Doctor of Philosophy
School of School of Mechanical, Materials, Mechatronic and Biomedical Engineering
Lubricants are essential to energy efficiency of cold plate rolling processes, as well as to surface quality and downstream processing of the rolled products. High performing rolling lubrication requires a balanced degree of ‘stability’ for a good dispersion and consistent oil supply to the contact area and ‘instability’ for plate out of oil components from lubricants on the surface to create an oil-rich film upstream of the rolls’ bite zone. Vegetable oil-in-water (VO/W) emulsions are the preferred lubricants for boundary regime cold rolling lubrication in which the dispersed surface-active and polar vegetable oil components e.g. triglycerides or free fatty acids) plate out on the surface upstream of the rolls’ bite zone to provide required wet minimum quantity lubrication (MQL) support.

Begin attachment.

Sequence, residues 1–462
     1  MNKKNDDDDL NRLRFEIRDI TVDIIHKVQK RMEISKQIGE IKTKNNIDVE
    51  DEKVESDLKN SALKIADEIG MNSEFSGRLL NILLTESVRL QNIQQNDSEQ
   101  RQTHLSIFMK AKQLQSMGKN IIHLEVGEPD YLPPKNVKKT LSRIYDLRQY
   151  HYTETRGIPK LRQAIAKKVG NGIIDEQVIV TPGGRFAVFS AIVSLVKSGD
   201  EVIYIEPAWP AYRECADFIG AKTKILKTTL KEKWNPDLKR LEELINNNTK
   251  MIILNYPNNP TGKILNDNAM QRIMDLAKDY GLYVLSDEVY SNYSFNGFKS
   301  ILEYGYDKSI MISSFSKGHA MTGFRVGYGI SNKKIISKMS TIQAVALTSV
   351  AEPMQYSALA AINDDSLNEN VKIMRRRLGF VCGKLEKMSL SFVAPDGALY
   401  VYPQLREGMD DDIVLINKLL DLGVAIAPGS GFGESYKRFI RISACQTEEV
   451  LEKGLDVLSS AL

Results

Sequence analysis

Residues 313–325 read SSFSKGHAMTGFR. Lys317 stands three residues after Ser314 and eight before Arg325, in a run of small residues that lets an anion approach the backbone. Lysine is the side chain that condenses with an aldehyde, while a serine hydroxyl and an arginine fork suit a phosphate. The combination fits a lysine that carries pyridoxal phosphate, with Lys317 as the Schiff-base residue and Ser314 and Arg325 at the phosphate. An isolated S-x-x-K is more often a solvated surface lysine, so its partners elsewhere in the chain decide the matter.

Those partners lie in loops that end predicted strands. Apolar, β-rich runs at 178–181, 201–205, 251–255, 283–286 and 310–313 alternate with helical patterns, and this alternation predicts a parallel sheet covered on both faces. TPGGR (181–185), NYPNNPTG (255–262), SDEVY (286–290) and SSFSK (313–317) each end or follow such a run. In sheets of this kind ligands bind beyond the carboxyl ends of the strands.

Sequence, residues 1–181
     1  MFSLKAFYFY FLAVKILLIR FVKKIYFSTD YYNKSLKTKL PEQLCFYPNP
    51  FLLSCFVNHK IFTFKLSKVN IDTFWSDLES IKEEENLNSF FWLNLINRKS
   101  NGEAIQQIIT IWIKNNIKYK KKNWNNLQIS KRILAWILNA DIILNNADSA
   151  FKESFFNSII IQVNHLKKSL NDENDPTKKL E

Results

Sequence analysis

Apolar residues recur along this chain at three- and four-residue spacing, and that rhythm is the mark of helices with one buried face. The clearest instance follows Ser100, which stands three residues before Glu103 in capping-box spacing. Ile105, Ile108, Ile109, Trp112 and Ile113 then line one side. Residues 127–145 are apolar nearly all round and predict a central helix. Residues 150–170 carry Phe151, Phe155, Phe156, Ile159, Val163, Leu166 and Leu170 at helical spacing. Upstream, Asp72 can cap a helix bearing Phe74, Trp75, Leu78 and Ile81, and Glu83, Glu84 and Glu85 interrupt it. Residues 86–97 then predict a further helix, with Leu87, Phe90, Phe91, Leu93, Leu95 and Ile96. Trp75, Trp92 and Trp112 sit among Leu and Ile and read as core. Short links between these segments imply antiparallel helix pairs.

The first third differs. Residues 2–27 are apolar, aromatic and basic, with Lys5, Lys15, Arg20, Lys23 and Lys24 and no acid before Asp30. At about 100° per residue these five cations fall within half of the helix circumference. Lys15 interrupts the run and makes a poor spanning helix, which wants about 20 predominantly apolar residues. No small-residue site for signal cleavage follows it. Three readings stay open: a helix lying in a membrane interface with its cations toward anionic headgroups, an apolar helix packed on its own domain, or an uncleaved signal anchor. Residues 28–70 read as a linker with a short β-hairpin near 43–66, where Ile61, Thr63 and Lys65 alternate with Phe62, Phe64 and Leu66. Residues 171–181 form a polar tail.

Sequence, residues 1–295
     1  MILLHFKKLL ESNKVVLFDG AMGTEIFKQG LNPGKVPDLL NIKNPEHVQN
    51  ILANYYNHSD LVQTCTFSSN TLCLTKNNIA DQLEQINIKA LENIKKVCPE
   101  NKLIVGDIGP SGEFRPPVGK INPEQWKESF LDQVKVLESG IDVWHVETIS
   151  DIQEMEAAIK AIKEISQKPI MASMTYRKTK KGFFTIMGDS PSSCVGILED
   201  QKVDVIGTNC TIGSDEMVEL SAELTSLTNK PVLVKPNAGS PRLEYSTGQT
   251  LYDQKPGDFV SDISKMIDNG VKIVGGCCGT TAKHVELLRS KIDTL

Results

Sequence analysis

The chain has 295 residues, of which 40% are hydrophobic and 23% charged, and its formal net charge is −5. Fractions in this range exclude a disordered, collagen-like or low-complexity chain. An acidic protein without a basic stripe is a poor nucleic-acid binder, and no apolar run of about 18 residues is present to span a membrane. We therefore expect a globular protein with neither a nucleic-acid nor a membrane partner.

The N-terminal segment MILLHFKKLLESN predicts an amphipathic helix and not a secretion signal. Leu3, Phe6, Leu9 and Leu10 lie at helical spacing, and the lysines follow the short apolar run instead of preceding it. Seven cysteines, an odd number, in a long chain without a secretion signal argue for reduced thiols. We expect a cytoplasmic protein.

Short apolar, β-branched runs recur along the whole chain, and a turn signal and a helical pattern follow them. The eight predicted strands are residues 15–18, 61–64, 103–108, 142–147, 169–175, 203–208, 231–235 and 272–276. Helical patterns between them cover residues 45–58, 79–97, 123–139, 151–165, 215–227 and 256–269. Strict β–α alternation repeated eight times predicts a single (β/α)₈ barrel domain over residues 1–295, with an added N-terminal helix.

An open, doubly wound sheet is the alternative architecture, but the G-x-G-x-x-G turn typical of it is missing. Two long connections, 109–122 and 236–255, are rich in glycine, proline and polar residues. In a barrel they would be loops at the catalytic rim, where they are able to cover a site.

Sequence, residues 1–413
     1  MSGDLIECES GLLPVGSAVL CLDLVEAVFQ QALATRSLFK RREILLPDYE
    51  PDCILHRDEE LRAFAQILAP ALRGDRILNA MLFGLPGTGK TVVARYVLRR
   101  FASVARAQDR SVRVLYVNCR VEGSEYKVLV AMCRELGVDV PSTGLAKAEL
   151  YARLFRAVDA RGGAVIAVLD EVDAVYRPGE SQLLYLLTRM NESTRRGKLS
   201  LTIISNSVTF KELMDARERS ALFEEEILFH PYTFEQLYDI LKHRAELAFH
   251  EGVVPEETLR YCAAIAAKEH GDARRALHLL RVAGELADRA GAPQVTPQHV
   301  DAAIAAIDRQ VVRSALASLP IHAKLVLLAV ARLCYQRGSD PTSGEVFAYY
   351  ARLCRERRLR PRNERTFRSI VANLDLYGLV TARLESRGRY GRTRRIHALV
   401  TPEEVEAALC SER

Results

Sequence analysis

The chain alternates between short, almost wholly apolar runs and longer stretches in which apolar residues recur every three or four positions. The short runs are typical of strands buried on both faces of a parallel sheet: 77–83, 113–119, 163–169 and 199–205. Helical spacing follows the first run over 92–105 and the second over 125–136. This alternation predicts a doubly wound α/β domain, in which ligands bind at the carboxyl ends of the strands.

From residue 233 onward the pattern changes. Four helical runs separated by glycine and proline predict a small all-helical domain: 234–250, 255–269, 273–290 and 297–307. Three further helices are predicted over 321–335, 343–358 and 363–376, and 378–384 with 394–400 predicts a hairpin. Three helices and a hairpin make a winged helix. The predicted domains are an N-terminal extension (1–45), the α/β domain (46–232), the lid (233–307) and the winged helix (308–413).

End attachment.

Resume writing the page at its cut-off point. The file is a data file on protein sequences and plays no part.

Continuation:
However, VO/W emulsions show several drawbacks due to high polarity of vegetable oil components including their low coalescence and creaming stability which leads to phase separation, and their tendency to oxidise and leave varnish-like residue on the surface which reduces the downstream processing capability of rolled products e.g. painting and annealing capacity, indicating poor clean-ability of polar tribo-films from metal surfaces. Besides, cold rolling lubrication by using additive-free emulsions results in adhesion and material transfer, lowering the surface quality of the rolled work-pieces. This is particularly an issue in rolling of ‘sticky’ metals such as aluminium, stainless steel, Ti, and Zr alloys, commonly performed in industrial applications.
Taheri, Reza, Cold rolling lubrication efficacy and anti-coalescence stability of composite TiO2-SiO2 nanoparticle-stabilised soybean oil-in-water emulsions, Doctor of Philosophy thesis, School of School of Mechanical, Materials, Mechatronic and Biomedical Engineering, University of Wollongong, 2021. https://ro.uow.edu.au/theses1/1064
Unless otherwise indicated, the views expressed in this thesis are those of the author and do not necessarily represent the views of the University of Wollongong.